Cassola, whose name, according to the first mention in 1085, is said to derive from a "Casasola" that existed when the area was covered with centuries-old forests, has a territory closely bordering Bassano del Grappa in its northwest part.

The municipality is situated on a plain at the foot of the Grappa massif, about five kilometers from the bank of the Brenta River. The northernmost area of the municipality, in the hamlet of San Giuseppe, is the most developed and represents the periphery of neighboring Bassano, while the southernmost area, which forms the original core of the city, remains less urbanized.

In terms of tourist attractions, the area has a number of artistic and historical landmarks.

The church of San Marco di Cassola houses a valuable oil altarpiece, attributed to Jacopo Da Ponte, and dated 1573. This altarpiece depicts St. Mark the Evangelist and the apostles St. Matthew and St. John.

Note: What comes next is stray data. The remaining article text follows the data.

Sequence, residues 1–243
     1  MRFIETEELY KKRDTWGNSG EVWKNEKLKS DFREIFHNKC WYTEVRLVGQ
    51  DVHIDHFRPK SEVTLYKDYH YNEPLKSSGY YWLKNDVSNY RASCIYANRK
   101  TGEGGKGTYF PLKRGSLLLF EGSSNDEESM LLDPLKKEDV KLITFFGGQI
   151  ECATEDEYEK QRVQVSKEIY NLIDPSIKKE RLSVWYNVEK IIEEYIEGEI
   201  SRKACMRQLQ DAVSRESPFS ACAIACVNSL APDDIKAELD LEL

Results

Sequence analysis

In the church of San Zeno, built in the hamlet of the same name, there are two altarpieces attributed to the Bassano school: one above the high altar depicting the Adoration of the Magi and one depicting St. Charles surrounded by saints and the Madonna surrounded by angels. Also well preserved in the same church is a Baroque-style marble pulpit depicting the image of St. Charles Borromeo and a 1910 fresco of the Assumption of Mary by Noè Bordignon, a native of nearby Castelfranco Veneto and a leading figure in figurative culture in the Veneto between the 19th and 20th centuries.